"The First Past The Post system gives us a huge democratic deficit where the will of the people is not reflected in the makeup of Parliament. Most western countries have ditched this system and it is time that the UK did so too.

"I will be joining hunger strikers in Parliament Square to send a clear message to Parliament that we will not allow this to continue. We cannot accept a system that sees governments elected by a small number of voters and that excludes people from being represented by a party of their choosing."

From Make Votes Matter,

On 6th February 1918 the Representation of the People Act passed into law, extending voting rights to some women and all men over 21 for the first time. Until then, around 70% of the adult population were not allowed to vote.

Today all adults are allowed to vote but - thanks to our First Past the Post voting system - most of us still don't have a vote that counts. In the 2017 general election, 68% of votes had no impact on the result, either going to losing candidates or piling up in safe seats without influencing the makeup up Parliament.

We're hunger striking to draw attention to the injustice of a voting system that denies representation to millions, returns Parliaments that don't reflect the voters, and gives us governments that most of us didn't vote for.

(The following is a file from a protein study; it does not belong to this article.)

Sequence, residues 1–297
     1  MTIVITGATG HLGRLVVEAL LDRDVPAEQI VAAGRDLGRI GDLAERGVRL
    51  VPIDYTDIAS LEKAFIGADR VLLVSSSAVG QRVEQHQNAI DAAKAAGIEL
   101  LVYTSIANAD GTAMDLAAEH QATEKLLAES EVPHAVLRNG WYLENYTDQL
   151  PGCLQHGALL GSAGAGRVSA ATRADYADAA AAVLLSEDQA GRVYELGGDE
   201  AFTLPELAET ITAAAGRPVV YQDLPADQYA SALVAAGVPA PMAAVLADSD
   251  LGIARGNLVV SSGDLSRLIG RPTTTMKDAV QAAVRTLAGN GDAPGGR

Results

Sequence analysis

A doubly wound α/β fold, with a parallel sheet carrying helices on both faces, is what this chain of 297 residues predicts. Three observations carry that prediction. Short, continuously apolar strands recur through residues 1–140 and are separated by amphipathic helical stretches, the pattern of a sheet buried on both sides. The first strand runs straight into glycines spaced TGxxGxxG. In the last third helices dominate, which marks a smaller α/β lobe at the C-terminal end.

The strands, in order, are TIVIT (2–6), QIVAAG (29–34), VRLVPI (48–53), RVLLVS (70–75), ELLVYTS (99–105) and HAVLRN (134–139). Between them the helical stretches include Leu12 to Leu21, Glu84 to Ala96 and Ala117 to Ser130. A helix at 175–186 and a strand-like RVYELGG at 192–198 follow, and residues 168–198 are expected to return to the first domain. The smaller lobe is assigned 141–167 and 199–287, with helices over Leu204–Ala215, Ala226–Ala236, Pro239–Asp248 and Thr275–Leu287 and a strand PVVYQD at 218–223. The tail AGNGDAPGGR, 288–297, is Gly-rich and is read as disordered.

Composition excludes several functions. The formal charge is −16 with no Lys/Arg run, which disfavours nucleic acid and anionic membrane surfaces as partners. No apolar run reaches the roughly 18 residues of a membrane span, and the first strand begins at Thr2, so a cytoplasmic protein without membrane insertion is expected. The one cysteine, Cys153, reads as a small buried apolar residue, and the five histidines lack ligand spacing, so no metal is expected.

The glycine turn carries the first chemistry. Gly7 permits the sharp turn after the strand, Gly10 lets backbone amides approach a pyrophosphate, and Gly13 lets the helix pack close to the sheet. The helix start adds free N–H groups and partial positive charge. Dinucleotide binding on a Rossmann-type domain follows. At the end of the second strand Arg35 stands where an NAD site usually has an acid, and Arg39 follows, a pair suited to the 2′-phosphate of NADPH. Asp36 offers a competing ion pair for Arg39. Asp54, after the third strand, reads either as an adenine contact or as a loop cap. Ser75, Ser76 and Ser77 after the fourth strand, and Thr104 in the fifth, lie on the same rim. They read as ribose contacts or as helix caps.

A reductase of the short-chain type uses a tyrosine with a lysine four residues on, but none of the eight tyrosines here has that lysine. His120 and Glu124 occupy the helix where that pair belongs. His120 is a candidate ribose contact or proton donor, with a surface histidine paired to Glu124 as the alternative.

We're calling for Proportional Representation, so that seats match votes and everyone has a vote that matters equally. And we're calling on everyone who wants fair votes to join the movement and take action to win real democracy in the UK.

The passing of the 1918 Act was the result of decades of campaigning by suffragists and suffragettes. We recognise the severity of what these campaigners went through to win the vote, that for some British people hunger is a daily reality, and that sexism remains prevalent in the 21st Century.

Respecting this, we invite donations from participants (contribute the money you'd have spent on food for the day, ask friends, family and colleagues to sponsor you) and other supporters and shall split funds between a food bank, a women's charity and Make Votes Matter.

Green-wash, Brexit and reshuffles: Our KCC member on Paul on Politics
Sun, 14 Jan 2018
Our Kent County Councillor, Martin Whybrow, was on this Friday's Paul on Politics show on KMTV. In an entertaining and wide-ranging discussion, alongside fellow KCC councillor, Labour's Karen Constantine, he discussed Tory green-wash, in light of Theresa May's speech on Thursday (too vague, too little on how the aspirations would be achieved and still a long way to go from a government that pursues schemes such as the Lower Thames Crossing and a new runway at Heathrow, blatantly ignores issues such as air quality, and still pursues fossil fuels through fracking).

Also on the agenda was a second Brexit referendum and what a hard Brexit could mean for Kent (including why the lorry park proposal was "a dumb idea that I hope is now dead in the water") plus central government and KCC reshuffles, including why the KCC cabinet member for transport is like the England football manager's job - it never ends well.

To view the show, click here:

KMTV is Kent's first dedicated television channel. It is also available on Freeview channel 7 and Virgin Media channel 159.